While I2C provides a pretty good physical layer for short haul use, it doesn't provide any standardized method to ensure that the data has been transferred without errors. If that's important, you'll have to incorporate error-checking/correction/retries/bus monitoring etc. in your higher level protocol. The more expensive CAN does this all for you.

Hope that helps. If you let us know what kind of slaves you are using and something about the application we can discuss it in more detail.
 

ebp

Joined Feb 8, 2018
2,332
The I2C spec puts a limit of 400 pF on the capacitance on the bus. It is possible that 100 slaves on a single bus would exceed this when the capacitances of all the devices plus the interconnect is considered. Two buses might be necessary. I've never paid much attention to this issue since I've never put more than a few slaves on a bus, but I have seen SDA capacitance specs of up to 4 or 5 pF per device.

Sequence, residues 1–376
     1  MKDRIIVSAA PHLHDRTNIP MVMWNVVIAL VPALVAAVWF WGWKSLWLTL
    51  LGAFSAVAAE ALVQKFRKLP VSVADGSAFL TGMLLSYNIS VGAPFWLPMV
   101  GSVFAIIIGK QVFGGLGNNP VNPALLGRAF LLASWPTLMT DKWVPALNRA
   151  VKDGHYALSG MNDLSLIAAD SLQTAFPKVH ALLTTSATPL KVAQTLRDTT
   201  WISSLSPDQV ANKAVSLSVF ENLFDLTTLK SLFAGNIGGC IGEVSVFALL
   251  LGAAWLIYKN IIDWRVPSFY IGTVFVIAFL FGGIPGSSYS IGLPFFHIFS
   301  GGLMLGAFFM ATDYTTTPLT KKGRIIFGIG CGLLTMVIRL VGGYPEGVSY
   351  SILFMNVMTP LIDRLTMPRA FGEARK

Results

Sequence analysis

Lots of slave devices only have 3 or 4 address select lines, and as John has said, may use a block of addresses internally. Some devices can be purchased in variants with different "built in" addresses.
eg from one datasheet
The MAX7328 and MAX7329 versions differ only by their
slave ID address ranges. The MAX7328 has a slave ID
range of 0100xxx (0x20 to 0x27). The MAX7329 has a
slave ID range of 0111xxx (0x38 to 0x3F).
 

atferrari

Joined Jan 6, 2004
4,443
I presume that being just one master, it will be full duplex with just one slave at a time. So selecting the desired slave every time. Right?
 

John P

Joined Oct 14, 2008
1,914
It doesn't sound as though this can possibly be full duplex.

Assuming half duplex is intended, I think there's an issue with 100+ units on the same bus. It's a question of how many loads can all be connected together in parallel, and it depends on the interface components and anything else that's on the bus, though at least this is very short (1 meter max). Actually, given how close everything is together, I wonder if so many devices are really needed. Could the project work if there were fewer units, each doing more tasks? Over 100 devices within 1 meter of space makes me think it could be simplified.